1. Alpha Class
The narrative of a small group of college students at the country’s most notorious party institution is told in this candid glimpse behind the closed doors of the fraternity world. When the young men are initiated into the fraternity after pledging and undergoing “Hell Week,” they celebrate for a short time before the fraternity they just joined is expelled from school. In the wake of their fraternity’s expulsion from college, they set out to form a new fraternity on campus that embodied their ideals of brotherhood. Some people wish to enjoy the present moment while others want to wait for a better future. D-Mak Productions and Danny McManus tell the story of the growth and fall of a fraternity ripped apart by politics, parties, and betrayal. Because this is a genuine account of a chapter’s rise and fall, it’s at the top of the list. This isn’t your standard fraternity comedy; instead, it’s a look at the day-to-day drama of the Greek system, with a focus on fraternities in particular. It’s as though you’re right there in the room with the band members. It’s something that both Greek and non-Greek members can identify with and understand.
2. Animal House
This is a wacky look at fraternity life, and it’s a lot of fun to watch. It is set in 1962, when fraternity life was at its wildest and most uncontrollable. Omega Theta Pi, a prestigious fraternity, and Delta Tau Chi, a fraternity known for its wild parties, are the focus of the film. As a result of the Deltas’ excessive drinking and partying, the university’s dean is seeking to expel them from the campus. A lot of the Deltas’ antics are amusing, and this is evident throughout the film. They are eventually expelled from campus, and for the duration of the film, they are desperately attempting to reclaim their place at the school.
Every fraternity and their pledge ceremonies may learn something from this film, which is why we included it. During his final night as a pledge for a collegiate fraternity, the main character Adam Buckley finds himself in the center of a convenience store heist. As an initiation ritual, the Pledge master instructs him to rob a convenience store, but only for exact change from the day the Fraternity was created. Adam is forced to confront a new challenge as the initiation ceremony goes tragically wrong and every move proves disastrous. Despite their best efforts, the end effect is still death. Those who are Greek-affiliated will find this film frightening and eye-opening because of how easily things can go awry. Ritualized initiations are common in all Greek-affiliated organizations, whether they be fraternities or sororities. It’s a shame that the spirit of brotherhood doesn’t work out in this movie.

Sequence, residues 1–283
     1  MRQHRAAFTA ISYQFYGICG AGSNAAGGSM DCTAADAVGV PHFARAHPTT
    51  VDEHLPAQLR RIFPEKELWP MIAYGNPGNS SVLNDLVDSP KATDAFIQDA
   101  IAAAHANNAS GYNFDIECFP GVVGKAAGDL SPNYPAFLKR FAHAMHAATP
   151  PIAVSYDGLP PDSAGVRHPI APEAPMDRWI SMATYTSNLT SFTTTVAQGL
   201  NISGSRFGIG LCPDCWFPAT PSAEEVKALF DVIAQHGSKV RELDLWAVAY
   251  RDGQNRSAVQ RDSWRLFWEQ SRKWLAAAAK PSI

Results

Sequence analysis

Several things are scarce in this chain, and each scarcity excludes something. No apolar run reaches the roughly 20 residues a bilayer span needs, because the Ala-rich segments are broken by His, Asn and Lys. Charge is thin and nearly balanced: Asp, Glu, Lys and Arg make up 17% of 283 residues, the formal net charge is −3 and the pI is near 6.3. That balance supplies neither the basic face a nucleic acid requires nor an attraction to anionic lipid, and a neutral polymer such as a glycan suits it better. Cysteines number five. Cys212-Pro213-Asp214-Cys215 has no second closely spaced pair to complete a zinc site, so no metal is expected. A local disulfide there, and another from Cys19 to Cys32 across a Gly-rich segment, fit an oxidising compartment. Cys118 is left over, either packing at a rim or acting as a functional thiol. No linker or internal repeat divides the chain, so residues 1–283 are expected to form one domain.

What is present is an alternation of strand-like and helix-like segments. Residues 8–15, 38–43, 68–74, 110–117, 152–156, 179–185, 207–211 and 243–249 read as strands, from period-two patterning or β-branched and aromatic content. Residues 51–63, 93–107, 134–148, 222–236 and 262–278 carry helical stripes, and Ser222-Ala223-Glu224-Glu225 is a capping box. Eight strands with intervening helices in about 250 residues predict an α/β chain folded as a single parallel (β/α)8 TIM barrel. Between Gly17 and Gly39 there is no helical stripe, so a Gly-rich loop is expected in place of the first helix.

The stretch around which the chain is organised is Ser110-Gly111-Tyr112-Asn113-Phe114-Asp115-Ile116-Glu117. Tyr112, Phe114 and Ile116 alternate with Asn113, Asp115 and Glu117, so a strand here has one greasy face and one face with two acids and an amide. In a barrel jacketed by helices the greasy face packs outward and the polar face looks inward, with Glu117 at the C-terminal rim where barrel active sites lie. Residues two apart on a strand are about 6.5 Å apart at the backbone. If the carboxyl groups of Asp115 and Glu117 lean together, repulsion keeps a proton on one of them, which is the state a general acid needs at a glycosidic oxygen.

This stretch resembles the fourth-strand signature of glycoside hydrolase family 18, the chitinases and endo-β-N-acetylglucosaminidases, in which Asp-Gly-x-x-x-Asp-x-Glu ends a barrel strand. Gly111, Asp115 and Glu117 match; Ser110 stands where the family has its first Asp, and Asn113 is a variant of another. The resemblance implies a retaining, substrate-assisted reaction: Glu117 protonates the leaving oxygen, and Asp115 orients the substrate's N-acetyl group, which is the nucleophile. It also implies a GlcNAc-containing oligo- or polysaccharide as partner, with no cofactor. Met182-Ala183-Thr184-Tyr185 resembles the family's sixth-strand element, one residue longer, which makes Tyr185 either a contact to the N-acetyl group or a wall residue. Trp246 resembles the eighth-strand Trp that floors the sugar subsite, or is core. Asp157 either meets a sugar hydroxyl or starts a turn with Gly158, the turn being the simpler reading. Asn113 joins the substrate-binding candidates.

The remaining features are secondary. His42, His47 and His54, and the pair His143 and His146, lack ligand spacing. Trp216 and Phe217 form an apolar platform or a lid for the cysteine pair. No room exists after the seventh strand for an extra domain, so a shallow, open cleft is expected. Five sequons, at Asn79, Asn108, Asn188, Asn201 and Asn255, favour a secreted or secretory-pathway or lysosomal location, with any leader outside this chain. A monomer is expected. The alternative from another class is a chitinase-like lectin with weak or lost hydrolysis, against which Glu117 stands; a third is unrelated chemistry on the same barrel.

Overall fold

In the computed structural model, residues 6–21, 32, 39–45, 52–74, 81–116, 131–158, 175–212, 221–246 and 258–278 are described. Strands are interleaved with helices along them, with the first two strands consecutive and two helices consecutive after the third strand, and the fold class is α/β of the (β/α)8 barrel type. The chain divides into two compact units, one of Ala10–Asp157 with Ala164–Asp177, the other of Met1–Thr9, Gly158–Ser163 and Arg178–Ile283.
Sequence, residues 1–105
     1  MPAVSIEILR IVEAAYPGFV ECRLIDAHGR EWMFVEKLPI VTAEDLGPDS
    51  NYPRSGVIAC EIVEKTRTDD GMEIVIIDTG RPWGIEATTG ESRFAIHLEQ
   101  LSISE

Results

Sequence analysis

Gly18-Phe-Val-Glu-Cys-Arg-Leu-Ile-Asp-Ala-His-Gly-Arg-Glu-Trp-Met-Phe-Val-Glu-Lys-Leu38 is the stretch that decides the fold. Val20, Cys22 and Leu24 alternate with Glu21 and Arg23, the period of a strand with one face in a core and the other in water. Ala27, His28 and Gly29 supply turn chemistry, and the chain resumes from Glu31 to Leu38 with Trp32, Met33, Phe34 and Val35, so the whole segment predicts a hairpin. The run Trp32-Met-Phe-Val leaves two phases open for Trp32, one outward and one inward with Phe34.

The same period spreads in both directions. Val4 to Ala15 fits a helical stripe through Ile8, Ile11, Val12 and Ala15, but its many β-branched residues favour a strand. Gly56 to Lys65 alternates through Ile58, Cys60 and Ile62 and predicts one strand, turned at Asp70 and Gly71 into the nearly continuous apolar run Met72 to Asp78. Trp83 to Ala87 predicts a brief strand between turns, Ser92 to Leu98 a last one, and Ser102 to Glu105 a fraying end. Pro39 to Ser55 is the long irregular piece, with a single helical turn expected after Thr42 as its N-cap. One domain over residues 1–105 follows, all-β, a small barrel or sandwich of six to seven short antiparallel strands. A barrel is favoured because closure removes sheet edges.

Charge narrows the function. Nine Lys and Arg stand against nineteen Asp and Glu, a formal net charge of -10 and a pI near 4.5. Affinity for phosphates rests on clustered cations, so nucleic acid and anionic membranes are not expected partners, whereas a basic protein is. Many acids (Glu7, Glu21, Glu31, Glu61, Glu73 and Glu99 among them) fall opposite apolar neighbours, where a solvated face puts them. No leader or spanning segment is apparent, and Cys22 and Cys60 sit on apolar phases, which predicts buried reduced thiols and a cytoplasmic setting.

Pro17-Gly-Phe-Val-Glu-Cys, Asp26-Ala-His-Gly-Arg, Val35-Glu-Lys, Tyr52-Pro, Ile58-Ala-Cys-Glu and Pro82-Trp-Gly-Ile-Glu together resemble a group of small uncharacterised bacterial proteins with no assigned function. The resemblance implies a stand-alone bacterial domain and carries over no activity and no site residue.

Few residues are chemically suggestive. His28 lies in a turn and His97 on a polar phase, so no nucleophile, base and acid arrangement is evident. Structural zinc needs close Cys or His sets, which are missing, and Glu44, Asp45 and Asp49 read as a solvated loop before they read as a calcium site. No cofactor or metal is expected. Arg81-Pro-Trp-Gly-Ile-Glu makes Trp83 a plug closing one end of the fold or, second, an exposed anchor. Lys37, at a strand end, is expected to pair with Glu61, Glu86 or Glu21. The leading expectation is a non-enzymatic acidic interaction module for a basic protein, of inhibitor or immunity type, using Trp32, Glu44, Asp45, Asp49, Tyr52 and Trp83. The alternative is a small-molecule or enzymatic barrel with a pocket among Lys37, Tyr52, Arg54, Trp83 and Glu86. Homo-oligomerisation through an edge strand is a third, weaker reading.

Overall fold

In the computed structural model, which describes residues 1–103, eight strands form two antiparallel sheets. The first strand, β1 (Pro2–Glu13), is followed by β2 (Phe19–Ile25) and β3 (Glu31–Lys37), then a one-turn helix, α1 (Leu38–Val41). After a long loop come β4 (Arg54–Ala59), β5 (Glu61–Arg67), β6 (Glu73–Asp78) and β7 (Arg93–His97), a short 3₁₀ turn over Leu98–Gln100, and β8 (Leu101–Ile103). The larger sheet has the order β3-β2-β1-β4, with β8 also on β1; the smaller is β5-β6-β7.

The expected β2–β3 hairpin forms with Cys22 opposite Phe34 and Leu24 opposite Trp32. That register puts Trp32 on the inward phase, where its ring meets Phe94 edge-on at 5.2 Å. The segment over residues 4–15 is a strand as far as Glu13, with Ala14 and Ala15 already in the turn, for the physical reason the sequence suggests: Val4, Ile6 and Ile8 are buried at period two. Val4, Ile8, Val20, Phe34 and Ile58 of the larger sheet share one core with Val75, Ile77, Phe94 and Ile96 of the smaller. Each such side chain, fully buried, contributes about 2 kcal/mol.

4. Old School
Luke Wilson, Vince Vaughn, and Will Farrell feature in this classic Hollywood comedy. He (Luke Wilson) breaks up with his girlfriend when he unexpectedly discovers she participates in (Luke Wilson). In New York City, he comes across a house near the fake Harrison University campus. After a short while, he learns that the house he recently bought is actually on University property, and that the University is now going to evict him. He invested a lot of money on the house and is now fighting for its continued ownership. Vince Vaughn plays the role of one of his buddies who honors him with a lavish party. They immediately embark on a frantic effort to find any method he may keep his residence. As a result, they ponder the question of how to establish a fraternity in order to maintain their residence on university land. As a result, they go through with the full “Go Greek” thing, including recruiting new members. Despite the fact that it is a comedy, this film serves as a bit of a primer on the process of starting a fraternity and being involved in Greek life.
At Port Chester University, where fraternities have been abolished and political correctness is widespread, preppy pre-freshman Tom Lawrence visits. Tom, the hapless visitor, manages to enrage practically every set of pupils during his stay. A group of students calling themselves “Balls and Shaft” wants the outlawed Greek System brought back to college, and he eventually tracks out this gang. The members of this fraternity presently reside in one of the Greek homes. In the end, the group has to fight with a lot of other social clubs in order to unite. Colleges and universities without Greek life are depicted in this film, which shows how difficult it is to re-establish Greek life on campus.